We visited Hacienda Zuleta in Imbabura province and were warmly greeted by the passionately dedicated owner Fernando. His wealthy and influential family had owned nine large haciendas in former days (it was a feudal system exploiting the peasant labour), but he has been developing a far more sustainable and equitable business model. He makes several types of gourmet cheeses at the hacienda, they also raise horses and farm organically; we were treated to for a truly wondrous lunch at the hacienda (which also offers tempting accommodations: if you ever get the chance to visit, don’t miss it).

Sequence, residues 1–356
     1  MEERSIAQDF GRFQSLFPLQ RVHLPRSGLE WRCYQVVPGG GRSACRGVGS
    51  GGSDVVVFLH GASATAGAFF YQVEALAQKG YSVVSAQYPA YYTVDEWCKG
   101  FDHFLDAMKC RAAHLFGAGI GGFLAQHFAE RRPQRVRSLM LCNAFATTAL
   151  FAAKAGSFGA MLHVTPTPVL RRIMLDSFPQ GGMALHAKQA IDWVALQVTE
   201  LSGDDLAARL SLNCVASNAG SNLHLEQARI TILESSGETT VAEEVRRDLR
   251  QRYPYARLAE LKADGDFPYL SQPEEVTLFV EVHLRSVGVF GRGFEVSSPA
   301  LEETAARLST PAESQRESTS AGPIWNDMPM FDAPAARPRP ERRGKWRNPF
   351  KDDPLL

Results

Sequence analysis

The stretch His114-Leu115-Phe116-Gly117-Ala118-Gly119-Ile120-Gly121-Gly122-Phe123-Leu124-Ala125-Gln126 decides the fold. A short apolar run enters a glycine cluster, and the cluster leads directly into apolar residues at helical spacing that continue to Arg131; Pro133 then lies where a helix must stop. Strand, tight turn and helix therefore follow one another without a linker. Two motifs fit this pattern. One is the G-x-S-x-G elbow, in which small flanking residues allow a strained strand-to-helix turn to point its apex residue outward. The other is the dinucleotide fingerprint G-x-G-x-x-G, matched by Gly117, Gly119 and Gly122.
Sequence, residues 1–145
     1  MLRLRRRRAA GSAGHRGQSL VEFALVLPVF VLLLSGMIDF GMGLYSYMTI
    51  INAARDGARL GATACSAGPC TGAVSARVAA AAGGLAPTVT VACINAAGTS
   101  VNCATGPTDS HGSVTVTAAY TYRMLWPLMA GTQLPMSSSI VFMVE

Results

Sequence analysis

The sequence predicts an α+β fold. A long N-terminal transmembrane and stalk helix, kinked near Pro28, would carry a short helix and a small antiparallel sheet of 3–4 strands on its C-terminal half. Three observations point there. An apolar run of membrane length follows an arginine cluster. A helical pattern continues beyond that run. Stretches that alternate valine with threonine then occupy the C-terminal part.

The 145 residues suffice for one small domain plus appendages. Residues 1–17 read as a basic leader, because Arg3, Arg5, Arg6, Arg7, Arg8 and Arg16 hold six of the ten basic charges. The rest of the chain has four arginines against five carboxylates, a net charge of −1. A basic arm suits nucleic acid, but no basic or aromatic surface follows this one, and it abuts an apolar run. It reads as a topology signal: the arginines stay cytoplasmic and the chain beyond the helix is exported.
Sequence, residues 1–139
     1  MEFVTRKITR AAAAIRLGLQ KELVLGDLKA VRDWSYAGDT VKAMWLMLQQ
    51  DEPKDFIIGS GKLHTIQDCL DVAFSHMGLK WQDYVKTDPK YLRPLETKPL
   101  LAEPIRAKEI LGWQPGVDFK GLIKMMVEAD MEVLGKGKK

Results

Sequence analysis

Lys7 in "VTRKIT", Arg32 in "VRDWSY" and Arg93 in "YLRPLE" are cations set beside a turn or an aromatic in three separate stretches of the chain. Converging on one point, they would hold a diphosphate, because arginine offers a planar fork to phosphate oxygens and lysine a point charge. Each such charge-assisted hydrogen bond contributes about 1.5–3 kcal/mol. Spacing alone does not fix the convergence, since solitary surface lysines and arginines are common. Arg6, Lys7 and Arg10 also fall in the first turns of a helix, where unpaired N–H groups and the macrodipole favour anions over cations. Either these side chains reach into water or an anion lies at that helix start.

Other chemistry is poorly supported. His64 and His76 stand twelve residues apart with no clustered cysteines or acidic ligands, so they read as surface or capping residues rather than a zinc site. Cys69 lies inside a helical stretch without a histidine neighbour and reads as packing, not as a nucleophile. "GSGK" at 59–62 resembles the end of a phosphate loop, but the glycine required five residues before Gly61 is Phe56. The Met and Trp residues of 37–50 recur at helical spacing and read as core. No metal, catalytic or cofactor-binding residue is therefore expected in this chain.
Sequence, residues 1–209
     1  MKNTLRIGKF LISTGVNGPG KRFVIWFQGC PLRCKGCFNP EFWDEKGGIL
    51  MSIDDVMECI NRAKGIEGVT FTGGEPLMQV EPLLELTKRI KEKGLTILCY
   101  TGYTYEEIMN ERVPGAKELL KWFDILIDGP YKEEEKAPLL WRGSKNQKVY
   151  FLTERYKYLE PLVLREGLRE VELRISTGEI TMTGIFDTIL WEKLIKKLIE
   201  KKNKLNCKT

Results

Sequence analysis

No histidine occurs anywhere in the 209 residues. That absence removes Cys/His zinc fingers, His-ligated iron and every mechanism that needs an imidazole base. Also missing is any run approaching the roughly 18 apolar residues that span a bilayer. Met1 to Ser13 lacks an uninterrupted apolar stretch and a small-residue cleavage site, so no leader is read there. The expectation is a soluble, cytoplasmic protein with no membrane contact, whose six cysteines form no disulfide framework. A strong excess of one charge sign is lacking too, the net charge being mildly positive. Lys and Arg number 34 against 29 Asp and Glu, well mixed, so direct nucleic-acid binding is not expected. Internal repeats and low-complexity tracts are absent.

Fernando has over the years become a collector of and expert in the traditional women’s embroidered yoked blouses and household linens, and has been working to reestablish this fine style of embroidery and encourage the teaching of fine needlework traditions to various women’s groups to create beautiful embroideries based on traditional motifs and then to develop a market for them. He was very emphatic that Zuleta embroidery is in a class on its own and we could (and did) appreciate the difference when we visited the Otavalo market the next day.
We topped off our day with a visit to a local family, three-generations of which are needleworkers, and they were very happy to show us some of their techniques (including a neat fringing method) and in return we were happy to show our appreciation of their work by making purchases.